Much of the conflict-affected zone in northern Ethiopia is under a communications blackout and access for journalists is restricted.

On Thursday, Reporters Without Borders said there were currently 488 media professionals imprisoned around the world – the highest number since the NGO began counting more than 25 years ago.

Read more:

Freelance journalist accredited to AP detained in Ethiopia

US Secretary of State ‘gravely concerned’ about military escalation in Ethiopia

Ethiopia’s government warns US against spreading false information on war

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Russian and UK defense ministers to meet over Ukraine

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Russian Defense Minister Sergei Shoigu has accepted an invitation to meet his British counterpart Ben Wallace to discuss the crisis on the Russia-Ukraine border, a senior UK defense source said Saturday.

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“The Defense Secretary is glad that Russia has accepted the invitation to talk with his counterpart,” the source said.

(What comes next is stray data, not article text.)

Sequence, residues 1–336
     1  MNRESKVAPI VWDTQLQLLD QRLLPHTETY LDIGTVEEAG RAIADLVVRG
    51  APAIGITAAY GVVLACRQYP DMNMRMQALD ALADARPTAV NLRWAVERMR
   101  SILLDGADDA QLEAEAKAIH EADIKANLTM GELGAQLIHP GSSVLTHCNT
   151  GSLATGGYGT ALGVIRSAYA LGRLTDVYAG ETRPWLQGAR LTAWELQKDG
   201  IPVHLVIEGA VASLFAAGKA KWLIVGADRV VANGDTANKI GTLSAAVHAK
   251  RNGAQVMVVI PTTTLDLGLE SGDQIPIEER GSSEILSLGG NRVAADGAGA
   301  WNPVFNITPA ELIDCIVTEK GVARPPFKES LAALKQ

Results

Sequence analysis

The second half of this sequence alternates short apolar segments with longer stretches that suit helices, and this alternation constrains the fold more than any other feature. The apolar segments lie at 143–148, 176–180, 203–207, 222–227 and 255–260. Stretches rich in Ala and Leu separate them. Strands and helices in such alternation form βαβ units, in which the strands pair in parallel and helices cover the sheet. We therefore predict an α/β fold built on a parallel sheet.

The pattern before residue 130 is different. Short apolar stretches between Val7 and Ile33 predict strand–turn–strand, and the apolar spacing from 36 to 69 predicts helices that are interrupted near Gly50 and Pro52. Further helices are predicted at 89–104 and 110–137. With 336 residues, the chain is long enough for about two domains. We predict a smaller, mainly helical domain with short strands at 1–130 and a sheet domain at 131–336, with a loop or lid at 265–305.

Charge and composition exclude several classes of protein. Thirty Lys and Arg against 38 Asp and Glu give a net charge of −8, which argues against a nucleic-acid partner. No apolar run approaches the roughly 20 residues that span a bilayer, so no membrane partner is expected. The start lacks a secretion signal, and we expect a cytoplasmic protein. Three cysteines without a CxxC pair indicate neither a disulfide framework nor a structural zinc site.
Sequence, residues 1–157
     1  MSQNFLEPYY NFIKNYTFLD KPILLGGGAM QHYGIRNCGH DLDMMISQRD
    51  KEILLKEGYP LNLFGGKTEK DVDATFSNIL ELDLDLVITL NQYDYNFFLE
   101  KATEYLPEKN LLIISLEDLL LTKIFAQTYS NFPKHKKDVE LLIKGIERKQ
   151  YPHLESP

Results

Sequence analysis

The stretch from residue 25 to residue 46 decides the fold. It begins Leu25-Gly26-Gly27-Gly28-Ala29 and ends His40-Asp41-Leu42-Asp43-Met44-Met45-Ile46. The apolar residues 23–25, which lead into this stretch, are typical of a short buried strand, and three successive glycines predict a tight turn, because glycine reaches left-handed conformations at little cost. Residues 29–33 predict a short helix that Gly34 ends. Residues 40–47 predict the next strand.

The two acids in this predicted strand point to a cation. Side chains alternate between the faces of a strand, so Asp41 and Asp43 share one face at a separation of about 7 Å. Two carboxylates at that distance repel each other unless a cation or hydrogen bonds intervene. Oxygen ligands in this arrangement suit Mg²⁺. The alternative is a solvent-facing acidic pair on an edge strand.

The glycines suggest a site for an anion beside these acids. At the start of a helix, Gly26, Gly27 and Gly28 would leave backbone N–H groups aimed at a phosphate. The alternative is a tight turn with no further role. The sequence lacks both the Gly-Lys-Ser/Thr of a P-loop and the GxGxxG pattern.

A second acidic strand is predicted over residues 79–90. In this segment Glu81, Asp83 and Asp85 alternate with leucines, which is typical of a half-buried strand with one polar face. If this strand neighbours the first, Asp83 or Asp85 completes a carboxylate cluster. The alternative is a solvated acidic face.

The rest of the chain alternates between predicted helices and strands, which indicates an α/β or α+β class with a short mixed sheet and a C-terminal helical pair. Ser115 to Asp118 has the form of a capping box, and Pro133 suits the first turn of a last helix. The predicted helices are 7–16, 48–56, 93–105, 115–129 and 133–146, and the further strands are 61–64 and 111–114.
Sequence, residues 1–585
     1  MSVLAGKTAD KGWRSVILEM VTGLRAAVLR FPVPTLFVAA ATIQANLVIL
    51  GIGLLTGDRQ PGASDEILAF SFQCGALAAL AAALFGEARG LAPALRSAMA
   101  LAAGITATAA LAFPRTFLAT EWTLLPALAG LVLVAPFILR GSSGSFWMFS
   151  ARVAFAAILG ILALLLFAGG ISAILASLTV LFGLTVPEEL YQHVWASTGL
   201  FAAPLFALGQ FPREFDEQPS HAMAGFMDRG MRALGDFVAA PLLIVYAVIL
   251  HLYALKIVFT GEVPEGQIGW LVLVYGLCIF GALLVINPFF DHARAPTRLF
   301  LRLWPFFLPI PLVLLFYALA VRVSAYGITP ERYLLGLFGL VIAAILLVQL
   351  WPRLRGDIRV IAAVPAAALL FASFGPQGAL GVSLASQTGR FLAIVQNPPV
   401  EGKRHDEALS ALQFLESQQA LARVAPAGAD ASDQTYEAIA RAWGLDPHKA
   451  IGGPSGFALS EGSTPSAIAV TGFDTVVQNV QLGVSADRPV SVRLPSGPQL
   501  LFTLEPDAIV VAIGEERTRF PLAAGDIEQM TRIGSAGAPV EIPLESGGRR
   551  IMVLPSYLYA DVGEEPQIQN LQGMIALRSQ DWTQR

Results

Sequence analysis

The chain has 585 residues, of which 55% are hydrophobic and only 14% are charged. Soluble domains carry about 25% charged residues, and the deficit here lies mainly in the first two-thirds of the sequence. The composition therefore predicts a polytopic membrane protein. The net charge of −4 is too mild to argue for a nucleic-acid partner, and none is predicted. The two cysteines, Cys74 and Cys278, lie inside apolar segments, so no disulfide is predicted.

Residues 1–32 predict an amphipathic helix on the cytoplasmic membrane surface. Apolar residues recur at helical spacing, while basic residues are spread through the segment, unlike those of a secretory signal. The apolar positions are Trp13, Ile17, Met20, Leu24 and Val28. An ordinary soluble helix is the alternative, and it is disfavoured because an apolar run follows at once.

“Given the last defense bilateral between our two countries took place in London in 2013, Russian Defense Minister Sergei Shoigu has offered to meet in Moscow instead,” added the source.

“The Secretary of State has been clear that he will explore all avenues to achieve stability and a resolution to the Ukraine crisis.”

Tens of thousands of Russian troops are massed on Ukraine’s border, along with an arsenal of tanks, fighting vehicles, artillery and missiles.

Russia has denied it plans to invade but the White House believes an attack could now come “at any point.”

British Foreign Secretary Liz Truss warned on Friday that Moscow risks becoming embroiled in a “terrible quagmire” if it invades.

In a speech in Australia, the UK’s top diplomat issued a blunt and personal warning to Russian President Vladimir Putin that he is on the brink of making a major strategic blunder.

He “has not learned the lessons of history,” Truss told Sydney’s Lowy Institute.

“The Ukrainians will fight this, it could be a quagmire” she said.

Britain is among a handful of Western nations rushing weapons such as anti-tank missiles to Ukraine.

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At least six killed in blast in western Afghan city of Herat

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A blast ripped through a minivan in the western Afghan city of Herat on Saturday, killing at least six people, according to officials.